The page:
In the following decade, peter’s involvement on the Board of the Council of the Prisoners’ Aid Society which became VACRO, and on the Advisory Board of the Epistle Centre which later developed into ACSO and deep involvement in the Victorian prison system as the Victorian Catholic prison chaplain helped to shape his ideas.
This direct experience of daily engagement with prisoners and their families taught him more than social work school ever could about the reality faced by those impacted by life inside. I learnt that those released from prison most need stable accommodation, access to employment or training, and most important of all, positive social connectedness.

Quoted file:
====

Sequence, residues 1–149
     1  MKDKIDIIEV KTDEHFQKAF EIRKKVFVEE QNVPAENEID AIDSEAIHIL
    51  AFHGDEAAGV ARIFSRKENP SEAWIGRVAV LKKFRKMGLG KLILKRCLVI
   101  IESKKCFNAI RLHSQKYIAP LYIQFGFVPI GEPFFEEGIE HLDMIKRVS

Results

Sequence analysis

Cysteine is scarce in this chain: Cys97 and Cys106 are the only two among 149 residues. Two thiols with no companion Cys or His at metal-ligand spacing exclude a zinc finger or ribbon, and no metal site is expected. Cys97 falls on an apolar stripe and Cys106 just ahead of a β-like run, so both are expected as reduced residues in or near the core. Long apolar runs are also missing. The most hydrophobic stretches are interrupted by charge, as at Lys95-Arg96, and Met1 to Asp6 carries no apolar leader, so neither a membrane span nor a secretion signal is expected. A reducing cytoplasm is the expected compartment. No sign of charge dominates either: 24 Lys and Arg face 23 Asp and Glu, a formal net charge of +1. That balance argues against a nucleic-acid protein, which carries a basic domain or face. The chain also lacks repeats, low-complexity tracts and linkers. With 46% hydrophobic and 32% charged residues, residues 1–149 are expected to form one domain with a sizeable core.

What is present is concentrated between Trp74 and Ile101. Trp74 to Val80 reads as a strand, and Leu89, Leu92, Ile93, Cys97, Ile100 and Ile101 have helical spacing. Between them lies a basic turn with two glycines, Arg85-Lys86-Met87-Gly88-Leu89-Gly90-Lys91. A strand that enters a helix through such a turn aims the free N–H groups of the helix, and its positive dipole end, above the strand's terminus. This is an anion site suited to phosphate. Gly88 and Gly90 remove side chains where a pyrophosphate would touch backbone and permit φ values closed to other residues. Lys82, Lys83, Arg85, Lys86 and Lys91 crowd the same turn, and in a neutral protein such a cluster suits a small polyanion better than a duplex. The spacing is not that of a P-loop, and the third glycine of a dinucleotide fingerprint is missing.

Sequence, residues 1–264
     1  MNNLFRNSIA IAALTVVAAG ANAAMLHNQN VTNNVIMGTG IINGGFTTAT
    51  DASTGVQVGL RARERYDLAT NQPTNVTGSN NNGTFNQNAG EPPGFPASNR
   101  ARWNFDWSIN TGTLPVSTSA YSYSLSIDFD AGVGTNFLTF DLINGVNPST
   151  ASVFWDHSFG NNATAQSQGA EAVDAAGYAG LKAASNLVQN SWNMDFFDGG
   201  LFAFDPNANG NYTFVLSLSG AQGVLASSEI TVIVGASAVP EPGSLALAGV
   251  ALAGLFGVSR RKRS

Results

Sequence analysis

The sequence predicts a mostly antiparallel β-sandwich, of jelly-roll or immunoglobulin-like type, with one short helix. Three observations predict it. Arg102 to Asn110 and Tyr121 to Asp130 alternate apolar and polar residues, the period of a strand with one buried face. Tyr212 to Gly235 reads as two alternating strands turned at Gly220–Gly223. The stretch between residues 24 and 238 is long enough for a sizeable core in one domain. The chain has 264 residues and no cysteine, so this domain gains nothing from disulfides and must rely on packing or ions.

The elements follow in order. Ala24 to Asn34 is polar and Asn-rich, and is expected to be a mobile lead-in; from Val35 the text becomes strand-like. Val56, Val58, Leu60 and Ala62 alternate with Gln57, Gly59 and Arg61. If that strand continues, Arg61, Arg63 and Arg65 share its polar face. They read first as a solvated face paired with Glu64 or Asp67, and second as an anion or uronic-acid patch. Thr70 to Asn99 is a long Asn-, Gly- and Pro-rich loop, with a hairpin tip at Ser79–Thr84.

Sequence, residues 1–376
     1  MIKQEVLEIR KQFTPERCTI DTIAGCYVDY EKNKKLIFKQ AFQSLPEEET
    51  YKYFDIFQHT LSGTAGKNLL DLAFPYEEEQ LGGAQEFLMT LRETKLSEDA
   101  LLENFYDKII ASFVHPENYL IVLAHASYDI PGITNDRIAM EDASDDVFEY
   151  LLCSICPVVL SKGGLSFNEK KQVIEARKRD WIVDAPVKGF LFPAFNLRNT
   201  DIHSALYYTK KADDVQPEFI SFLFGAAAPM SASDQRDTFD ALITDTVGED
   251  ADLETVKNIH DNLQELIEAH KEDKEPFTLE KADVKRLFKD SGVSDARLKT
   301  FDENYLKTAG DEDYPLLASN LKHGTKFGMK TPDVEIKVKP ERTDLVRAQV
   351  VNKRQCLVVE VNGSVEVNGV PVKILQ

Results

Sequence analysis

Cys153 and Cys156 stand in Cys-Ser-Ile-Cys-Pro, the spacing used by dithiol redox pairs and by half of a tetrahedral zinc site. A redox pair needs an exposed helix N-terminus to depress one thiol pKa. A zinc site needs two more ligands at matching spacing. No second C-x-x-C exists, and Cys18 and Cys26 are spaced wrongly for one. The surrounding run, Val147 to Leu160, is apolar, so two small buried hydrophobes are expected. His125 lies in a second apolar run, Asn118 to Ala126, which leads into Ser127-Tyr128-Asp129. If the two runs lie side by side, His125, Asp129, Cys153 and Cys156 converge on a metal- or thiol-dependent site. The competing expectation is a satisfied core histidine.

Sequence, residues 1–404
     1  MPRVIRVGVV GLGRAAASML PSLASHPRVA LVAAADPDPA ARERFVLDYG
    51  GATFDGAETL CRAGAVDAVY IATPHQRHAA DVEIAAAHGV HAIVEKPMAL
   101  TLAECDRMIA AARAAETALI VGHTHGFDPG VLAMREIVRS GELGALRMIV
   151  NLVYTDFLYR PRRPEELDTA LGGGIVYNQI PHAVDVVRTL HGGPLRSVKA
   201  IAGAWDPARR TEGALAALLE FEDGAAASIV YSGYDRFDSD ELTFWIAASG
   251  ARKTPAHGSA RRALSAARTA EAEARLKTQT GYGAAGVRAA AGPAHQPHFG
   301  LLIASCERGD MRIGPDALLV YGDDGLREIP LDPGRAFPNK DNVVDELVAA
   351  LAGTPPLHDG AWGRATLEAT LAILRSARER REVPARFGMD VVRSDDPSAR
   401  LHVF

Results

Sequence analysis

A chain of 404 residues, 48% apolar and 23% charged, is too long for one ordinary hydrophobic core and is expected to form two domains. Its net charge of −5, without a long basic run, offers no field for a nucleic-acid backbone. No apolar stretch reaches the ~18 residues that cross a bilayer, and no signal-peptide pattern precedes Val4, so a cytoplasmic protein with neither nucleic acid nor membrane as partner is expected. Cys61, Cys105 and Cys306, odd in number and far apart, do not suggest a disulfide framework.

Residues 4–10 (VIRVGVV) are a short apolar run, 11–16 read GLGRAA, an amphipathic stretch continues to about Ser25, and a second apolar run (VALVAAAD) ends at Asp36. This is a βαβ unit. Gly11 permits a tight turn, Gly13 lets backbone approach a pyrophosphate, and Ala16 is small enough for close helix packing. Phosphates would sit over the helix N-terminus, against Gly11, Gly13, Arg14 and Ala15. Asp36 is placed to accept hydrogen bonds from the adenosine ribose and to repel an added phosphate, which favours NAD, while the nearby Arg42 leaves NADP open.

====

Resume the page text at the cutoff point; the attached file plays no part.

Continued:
In 1996 the Brosnan Centre expanded into preventative and policy work, which became known as Jesuit Social Services. The new programs addressed the dual disability of mental illness and addiction, developed innovative employment training programs for those with multiple disabilities, and began community development programs in public housing estates.
With the goal of engagement, many workers with direct lived experience of prison were employed and workers were employed from a range of communities. Programs were tailored to the needs of individuals and often involved intensive, long term intervention.
Prevention led to a focus on research and policy, at both a State and Federal level. The research was based on experience and the policy commitment was to apply the results of our research to influence change.